A recursive solution will make use of itself until a

**base case** is reached. So, you

**keep asking it to ask itself** to do stuff until it reaches a known case, at which point it is done. For example, to multiply two positive integers, consider this recursive example:

int Multiply(int a, int b)
{
if(a == 1) return b;
return Multiply(a - 1, b) + b;
}

You could add error checking for negative and zero numbers or what have you, but that's not the point. First, you provide a base case (any number times 1 will be that number). Then, you call Multiply with a different value, assuming it will return the proper value to you. Once you have that value, you can perform a simple addition to return the value to the current call. This function will call itself over and over,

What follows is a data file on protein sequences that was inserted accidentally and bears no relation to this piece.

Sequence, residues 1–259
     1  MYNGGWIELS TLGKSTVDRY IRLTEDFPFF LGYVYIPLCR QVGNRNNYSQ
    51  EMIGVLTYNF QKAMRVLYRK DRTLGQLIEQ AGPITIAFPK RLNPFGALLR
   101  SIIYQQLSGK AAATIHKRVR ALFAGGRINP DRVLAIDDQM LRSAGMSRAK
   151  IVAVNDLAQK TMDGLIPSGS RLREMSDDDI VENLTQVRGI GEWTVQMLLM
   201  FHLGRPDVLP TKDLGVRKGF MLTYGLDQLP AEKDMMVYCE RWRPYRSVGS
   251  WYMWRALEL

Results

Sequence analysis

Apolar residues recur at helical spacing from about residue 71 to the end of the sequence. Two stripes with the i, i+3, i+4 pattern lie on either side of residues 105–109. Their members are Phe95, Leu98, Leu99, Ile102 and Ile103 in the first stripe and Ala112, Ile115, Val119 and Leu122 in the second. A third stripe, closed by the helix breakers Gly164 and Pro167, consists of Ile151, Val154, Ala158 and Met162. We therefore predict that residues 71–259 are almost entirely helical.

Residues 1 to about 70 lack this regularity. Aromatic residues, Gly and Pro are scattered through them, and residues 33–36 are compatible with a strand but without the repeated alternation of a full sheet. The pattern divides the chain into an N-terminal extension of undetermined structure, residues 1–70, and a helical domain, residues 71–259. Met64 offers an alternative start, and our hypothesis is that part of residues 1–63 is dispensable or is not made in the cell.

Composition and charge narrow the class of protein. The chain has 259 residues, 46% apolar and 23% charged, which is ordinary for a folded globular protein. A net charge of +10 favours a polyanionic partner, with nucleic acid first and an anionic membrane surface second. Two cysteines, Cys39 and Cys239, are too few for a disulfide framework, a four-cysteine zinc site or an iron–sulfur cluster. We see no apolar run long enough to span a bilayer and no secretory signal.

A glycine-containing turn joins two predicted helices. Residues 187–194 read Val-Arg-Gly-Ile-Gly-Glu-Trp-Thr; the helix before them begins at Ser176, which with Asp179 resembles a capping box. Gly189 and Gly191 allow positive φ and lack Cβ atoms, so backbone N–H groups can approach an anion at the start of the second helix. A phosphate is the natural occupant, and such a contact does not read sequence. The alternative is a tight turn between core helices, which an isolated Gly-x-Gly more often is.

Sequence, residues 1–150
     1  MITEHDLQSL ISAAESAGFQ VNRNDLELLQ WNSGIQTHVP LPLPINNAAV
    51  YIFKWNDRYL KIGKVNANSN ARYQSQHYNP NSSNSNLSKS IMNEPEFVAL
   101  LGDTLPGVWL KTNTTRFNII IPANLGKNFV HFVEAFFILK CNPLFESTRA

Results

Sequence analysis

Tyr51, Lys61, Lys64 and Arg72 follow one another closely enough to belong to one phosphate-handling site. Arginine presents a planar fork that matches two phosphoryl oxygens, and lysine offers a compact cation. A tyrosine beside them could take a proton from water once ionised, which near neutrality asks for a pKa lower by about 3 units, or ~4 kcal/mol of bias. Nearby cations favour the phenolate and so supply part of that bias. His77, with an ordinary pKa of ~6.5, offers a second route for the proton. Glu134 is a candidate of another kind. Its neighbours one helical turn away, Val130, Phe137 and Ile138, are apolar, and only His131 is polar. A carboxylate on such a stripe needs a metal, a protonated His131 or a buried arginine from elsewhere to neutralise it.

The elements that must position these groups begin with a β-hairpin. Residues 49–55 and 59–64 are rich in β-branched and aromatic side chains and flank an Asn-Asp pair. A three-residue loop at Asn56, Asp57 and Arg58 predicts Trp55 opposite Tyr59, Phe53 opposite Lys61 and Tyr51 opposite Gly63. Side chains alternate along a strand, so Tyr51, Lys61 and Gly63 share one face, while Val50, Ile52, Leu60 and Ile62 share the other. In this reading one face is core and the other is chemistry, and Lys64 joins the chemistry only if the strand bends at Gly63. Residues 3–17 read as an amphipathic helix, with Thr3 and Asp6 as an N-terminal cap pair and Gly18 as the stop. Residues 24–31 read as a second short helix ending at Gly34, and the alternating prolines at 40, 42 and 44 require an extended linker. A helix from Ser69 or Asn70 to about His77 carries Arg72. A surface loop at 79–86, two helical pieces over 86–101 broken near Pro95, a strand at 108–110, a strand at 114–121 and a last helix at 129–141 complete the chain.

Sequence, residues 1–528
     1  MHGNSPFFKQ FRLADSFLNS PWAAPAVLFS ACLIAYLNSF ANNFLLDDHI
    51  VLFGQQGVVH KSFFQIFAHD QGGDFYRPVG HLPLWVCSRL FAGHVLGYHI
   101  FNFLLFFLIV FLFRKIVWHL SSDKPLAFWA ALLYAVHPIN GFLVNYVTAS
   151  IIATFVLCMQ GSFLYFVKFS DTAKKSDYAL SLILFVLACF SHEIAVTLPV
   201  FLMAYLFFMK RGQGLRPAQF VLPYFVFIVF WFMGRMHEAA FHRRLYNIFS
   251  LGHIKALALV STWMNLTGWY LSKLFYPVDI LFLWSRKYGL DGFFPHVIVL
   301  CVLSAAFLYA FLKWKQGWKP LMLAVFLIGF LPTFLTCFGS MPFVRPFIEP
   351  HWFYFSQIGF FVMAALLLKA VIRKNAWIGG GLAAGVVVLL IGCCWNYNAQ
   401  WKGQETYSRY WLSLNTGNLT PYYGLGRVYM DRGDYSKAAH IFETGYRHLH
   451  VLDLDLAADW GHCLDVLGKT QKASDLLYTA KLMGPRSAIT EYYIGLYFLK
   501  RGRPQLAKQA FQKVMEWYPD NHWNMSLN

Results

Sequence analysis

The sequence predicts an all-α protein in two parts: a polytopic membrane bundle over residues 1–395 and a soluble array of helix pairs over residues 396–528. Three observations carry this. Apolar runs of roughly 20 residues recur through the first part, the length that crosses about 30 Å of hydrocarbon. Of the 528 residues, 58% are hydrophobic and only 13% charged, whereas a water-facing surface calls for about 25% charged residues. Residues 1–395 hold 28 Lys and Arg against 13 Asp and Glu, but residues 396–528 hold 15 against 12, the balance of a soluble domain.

**simplifying the problem each time**, until the base case is reached and the results are propogated up the call stack to produce the final answer.

Here is the iterative version, for comparision:

int Multiply(int a, int b)
{
int sum = 0;
while(a > 0)
{
sum += b;
a--;
}
return sum;
}

Note that it doesn't call itself. And it doesn't really have a base case (just a terminating condition).